Gregor Aichinger

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Gregor Aichinger (c. 1565 – 21 January 1628) was a German composer.

Life

He was organist to the Fugger family of Augsburg in 1584.[1] In 1599 he went for a two-year visit to Rome for musical, rather than religious reasons, although he had taken holy orders before his appointment under the Fuggers. Proske, in the preface to vol. 2 of his Musica Divina, calls him a priest of Regensburg, and is inclined to give him the palm for the devout and ingenuous mastery of his style. Certainly this impression is fully borne out by the beautiful and somewhat quaint works included in that great anthology.[2]

Notes

  1. Randel, Don Michael, ed. (1996). "Aichinger, Gregor". The Harvard biographical dictionary of music. Cambridge, Mass.: Belknap Press of Harvard Univ. Press. pp. 8–9. ISBN 0-674-37299-9.CS1 maint: extra text: authors list (link)<templatestyles src="Module:Citation/CS1/styles.css"></templatestyles>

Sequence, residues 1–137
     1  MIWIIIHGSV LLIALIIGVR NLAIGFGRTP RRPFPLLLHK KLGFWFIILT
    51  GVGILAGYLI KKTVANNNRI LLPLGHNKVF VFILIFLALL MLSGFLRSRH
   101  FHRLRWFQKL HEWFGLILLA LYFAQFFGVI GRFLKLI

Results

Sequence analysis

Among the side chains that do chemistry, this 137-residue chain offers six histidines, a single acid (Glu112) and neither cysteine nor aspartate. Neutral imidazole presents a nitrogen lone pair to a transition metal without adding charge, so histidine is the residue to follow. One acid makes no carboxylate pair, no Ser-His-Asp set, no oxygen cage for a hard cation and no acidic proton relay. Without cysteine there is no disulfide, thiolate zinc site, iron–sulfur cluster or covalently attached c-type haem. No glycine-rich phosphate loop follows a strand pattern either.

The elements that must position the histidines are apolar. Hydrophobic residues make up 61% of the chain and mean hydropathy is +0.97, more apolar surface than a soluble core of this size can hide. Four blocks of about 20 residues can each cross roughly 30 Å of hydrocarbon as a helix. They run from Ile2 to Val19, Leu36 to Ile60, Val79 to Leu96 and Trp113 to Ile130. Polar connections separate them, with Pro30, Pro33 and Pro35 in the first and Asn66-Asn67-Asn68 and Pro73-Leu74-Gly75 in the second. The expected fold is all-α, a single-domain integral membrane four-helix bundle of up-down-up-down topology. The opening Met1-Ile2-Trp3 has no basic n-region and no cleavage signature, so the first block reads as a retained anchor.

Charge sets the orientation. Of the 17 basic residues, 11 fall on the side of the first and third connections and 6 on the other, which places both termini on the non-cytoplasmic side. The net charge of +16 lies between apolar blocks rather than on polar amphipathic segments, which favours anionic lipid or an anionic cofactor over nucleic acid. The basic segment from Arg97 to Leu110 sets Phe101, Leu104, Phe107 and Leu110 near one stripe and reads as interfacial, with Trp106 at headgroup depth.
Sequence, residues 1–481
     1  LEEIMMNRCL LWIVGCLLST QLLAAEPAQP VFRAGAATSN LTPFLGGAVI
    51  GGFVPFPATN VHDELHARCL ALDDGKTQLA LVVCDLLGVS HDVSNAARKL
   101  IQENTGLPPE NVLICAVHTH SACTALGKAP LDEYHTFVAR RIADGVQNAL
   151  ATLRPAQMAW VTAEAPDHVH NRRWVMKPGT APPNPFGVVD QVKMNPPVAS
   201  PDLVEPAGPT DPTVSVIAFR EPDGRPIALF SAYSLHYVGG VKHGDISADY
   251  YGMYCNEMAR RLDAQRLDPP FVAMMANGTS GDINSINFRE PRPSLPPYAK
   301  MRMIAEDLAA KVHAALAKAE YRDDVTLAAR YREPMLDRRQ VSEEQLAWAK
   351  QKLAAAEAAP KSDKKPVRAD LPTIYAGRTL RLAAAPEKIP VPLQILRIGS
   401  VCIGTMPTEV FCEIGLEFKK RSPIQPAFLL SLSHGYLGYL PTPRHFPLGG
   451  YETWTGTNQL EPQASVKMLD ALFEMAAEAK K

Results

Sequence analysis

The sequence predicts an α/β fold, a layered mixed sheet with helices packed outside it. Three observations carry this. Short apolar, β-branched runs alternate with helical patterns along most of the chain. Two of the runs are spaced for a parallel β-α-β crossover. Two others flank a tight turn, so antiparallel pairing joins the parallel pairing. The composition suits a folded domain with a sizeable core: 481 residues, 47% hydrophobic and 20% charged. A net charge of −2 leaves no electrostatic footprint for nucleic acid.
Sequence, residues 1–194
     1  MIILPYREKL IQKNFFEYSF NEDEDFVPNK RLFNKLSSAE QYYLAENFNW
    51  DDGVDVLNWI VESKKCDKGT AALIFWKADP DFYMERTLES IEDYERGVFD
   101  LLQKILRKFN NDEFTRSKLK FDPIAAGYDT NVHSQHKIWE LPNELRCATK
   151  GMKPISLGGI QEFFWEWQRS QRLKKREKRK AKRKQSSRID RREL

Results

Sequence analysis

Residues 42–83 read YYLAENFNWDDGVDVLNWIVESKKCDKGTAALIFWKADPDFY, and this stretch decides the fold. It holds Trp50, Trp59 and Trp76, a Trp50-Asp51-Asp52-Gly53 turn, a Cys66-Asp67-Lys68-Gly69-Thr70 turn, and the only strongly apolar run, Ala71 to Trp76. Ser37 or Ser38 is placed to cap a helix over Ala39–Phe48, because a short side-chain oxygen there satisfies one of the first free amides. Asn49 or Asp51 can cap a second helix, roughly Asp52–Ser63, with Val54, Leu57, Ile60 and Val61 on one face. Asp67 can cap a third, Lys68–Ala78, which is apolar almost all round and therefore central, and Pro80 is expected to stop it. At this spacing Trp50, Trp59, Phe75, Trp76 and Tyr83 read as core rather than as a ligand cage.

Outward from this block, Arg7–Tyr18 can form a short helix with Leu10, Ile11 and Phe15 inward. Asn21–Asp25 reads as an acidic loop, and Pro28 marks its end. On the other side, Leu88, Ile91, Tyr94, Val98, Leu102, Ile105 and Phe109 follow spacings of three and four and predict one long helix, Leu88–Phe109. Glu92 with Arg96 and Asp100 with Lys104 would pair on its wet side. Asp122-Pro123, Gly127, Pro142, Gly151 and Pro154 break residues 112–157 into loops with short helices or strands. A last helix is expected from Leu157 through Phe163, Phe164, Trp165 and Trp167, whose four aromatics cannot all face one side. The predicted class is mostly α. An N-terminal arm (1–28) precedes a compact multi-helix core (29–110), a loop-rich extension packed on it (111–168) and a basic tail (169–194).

2. Chisholm 1911.

References

  •  This article incorporates text from a publication now in the public domainChisholm, Hugh, ed. (1911). [https%3A%2F%2Fen.wikisource.org%2Fwiki%2F1911_Encyclop%C3%A6dia_Britannica%2FAichinger%2C_Gregor "Aichinger, Gregor" ] Check |ws link in chapter= value (help). Encyclopædia Britannica. 1 (11th ed.). Cambridge University Press.CS1 maint: ref=harv (link)<templatestyles src="Module:Citation/CS1/styles.css"></templatestyles>
  • Wikisource-logo.svg Völker, James Alphonsus (1907). [https%3A%2F%2Fen.wikisource.org%2Fwiki%2FCatholic_Encyclopedia_%281913%29%2FGregor_Aichinger "Gregor Aichinger" ] Check |ws link in chapter= value (help). In Herbermann, Charles (ed.). Catholic Encyclopedia. 1. New York: Robert Appleton Company.<templatestyles src="Module:Citation/CS1/styles.css"></templatestyles>

External links